Gauteng Premier David Makhura on Thursday said South Africa’s most populous province was no longer just talking about pursuing radical socioeconomic transformation, but had already implemented strategies that would align the development of Gauteng with South Africa’s transformation imperatives.
Addressing the South African Chamber of Commerce and Industry’s (Sacci’s) yearly convention, in Sandton, he said that while others were still debating, the province was already implementing.
“We are moving ahead, the debate will find us ahead,” he told delegates.
The goal of radical socioeconomic transformation is to promote inclusive participation in all key sectors of the mainstream economy.
His comments come as the discussions around radical socioeconomic transformation heat up, with many raising concern that not enough is being done to transform South Africa’s currently unequal and skewed economy.
“Radical economic transformation is no longer a debate,” said Small Business Development Minister Lindiwe Zulu.
The Sacci conference aimed to highlight the role of social partners in radical socioeconomic transformation.
Makhura commented that the private sector’s heavy hitters were not doing enough to support government’s ambitions, noting that “the job is too big” to just focus on training and limited supply chain allocations for the previously disadvantaged.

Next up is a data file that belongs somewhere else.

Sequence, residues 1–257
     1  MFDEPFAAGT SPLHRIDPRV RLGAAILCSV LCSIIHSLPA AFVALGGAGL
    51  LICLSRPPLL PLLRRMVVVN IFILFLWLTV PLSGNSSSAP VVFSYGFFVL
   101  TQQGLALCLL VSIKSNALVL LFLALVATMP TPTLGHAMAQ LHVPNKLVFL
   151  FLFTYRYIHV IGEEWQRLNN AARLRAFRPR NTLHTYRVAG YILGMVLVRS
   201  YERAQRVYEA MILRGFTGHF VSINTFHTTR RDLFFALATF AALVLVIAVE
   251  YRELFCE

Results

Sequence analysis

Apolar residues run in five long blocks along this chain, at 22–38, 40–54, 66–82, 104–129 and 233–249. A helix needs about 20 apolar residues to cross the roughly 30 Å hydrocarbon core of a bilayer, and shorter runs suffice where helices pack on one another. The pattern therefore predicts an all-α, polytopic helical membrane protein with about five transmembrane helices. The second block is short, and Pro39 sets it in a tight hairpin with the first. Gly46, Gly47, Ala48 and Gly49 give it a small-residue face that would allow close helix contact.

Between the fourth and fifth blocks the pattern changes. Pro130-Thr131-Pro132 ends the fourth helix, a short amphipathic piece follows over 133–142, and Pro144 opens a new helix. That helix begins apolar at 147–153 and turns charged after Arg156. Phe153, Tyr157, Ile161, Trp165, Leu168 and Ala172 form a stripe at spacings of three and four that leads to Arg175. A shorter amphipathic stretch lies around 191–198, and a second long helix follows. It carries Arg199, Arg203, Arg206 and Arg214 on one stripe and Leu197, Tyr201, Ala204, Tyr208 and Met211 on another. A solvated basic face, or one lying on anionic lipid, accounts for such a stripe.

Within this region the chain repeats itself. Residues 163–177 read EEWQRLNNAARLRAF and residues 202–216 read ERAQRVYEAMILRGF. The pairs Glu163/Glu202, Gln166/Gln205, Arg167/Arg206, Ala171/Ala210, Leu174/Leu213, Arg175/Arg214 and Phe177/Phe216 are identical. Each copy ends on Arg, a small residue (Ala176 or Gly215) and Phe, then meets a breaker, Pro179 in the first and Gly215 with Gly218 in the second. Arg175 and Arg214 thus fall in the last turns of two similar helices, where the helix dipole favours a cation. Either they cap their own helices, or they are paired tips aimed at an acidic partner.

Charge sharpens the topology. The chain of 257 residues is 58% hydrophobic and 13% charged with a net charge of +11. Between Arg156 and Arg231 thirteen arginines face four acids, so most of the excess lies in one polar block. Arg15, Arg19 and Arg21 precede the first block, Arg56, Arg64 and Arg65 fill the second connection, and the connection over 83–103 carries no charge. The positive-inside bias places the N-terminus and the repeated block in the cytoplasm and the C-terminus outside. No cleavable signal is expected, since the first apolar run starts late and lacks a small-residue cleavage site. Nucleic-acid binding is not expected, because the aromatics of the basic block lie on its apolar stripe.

“You might think you are doing something, but the problem is too big. It is not enough [to open supply chains and embark on training programmes],” he said.
“It cannot be the responsibility of government alone; it is the responsibility of everybody,” added Zulu, noting that the dialogues being held needed to result in the sharpening of mechanisms and plans for implementing the transformation initiatives.
“We have all bought into it, knowing it is for the benefit of the country,” she told the delegates.
Makhura highlighted three inter-related strategies Gauteng was using to drive transformation, including public procurement, export opportunities, and trade and investment and foreign direct investment initiatives in other countries; the promotion of local and international business partnerships, particularly with township enterprises and youth- and women-owned enterprises; and engaging key leaders to open the market for the youth.
“I think that on the road that we have started, it is possible to use public procurement effectively to bring into the mainstream economy those that have been historically sidelined,” Makhura said.
However, the 65 000 suppliers in Gauteng’s database cannot all secure government business.
Zulu added that it could not be only government that provides opportunities for small business, urging private sector leaders to get more involved.
“Let us be partners in resolving the challenges,” she concluded.